In the Swiss North-western Alps, 77% of 456 sheep pastures experienced no incidences of depredation by lynx in the 20 years up to 1999. A further 15% experienced only one incidence during this time. Of those sheep owners who did lose sheep to lynx, 80% lost three or fewer animals in those 20 years. The distance of the pasture from woodland or scrub has a strong bearing on levels of depredation, with 88% of lynx kills occurring within 200m of the forest edge. The grazing of sheep, particularly lambs, away from the forest edge reduces the risk considerably. Those parts of the landscape that appear to be predisposed to depredation by a succession of lynx justify the use of more costly protection measures. The use of shepherds or guarding animals such as dogs, donkeys and llamas are all recommended for reducing lynx depredation of sheep and are most cost effective where there is an acute problem. In Switzerland such government-funded methods have been extremely effective at reducing the annual number of lynx-killed sheep and goats in Switzerland from a high of 219 in 2000 to fewer than 20 by 2006. It has consistently remained under 50 animals per year since then, fluctuating a little in response to oscillations in the roe deer population.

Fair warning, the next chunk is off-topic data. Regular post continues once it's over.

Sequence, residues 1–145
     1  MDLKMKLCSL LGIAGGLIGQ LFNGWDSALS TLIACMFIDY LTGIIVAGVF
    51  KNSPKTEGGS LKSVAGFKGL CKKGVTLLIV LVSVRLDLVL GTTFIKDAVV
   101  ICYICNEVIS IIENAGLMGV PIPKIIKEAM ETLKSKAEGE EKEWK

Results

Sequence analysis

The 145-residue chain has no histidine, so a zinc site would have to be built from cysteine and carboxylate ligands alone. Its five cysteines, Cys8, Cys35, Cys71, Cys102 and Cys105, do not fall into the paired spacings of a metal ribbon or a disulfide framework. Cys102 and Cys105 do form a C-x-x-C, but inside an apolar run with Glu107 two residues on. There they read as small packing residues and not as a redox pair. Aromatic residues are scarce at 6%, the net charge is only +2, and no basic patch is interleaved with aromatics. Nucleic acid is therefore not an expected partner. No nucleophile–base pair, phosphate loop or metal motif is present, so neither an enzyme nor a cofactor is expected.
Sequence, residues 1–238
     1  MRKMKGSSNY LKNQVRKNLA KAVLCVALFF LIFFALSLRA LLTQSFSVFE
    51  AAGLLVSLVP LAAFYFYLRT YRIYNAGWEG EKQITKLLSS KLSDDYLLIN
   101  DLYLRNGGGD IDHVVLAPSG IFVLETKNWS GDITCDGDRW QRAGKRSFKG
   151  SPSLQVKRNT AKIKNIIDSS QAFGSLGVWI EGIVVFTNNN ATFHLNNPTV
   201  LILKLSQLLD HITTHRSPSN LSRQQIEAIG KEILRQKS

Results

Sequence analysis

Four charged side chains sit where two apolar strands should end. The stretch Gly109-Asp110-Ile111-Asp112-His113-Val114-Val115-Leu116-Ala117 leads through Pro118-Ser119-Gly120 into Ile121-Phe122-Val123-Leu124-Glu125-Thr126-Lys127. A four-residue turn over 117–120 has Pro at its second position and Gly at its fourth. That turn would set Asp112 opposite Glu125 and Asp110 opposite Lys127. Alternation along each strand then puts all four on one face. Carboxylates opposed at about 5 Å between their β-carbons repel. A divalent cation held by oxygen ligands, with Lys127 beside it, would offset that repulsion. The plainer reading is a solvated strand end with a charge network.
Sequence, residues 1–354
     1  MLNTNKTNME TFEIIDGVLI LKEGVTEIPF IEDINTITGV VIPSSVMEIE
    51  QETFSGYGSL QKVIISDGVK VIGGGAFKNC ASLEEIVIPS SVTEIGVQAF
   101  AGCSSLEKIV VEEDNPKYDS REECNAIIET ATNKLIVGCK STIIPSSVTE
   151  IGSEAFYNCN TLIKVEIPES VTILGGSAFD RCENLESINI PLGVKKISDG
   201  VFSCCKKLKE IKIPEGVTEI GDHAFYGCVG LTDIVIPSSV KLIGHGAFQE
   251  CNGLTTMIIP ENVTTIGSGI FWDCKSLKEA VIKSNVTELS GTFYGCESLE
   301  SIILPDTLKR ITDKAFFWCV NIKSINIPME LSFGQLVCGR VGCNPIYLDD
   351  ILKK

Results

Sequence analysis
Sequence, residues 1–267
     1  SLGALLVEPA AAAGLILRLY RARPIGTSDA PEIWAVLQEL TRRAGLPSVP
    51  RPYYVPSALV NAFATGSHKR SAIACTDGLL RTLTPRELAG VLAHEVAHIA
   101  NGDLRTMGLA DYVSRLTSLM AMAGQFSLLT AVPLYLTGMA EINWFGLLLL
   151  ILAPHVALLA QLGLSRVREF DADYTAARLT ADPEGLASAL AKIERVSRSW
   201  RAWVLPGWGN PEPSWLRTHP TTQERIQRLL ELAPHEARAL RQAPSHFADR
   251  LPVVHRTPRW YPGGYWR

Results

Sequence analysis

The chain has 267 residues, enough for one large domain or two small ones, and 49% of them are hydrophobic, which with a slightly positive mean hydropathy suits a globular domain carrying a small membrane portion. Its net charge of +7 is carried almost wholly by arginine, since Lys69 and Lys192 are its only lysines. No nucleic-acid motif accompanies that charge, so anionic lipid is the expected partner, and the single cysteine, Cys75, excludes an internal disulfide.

Rewilding icon or bête noire?
Tourism is today crucial for rural areas of Scotland. The wildlife tourism sector in particular has expanded quickly, with over 3000 people now directly employed. Large carnivores have the potential to contribute to rural tourism, either directly as people seek opportunities to catch a glimpse of such charismatic and elusive species or indirectly by acting as a powerful icon of the wild. Large carnivore tourism is being developed in several areas of Europe and since the return of lynx to some German national parks, authorities and businesses have moved quickly to utilise the lynx as a powerful marketing tool, with images of lynx used extensively on brochures, posters, t-shirts, books and signs promoting the national parks to visitors.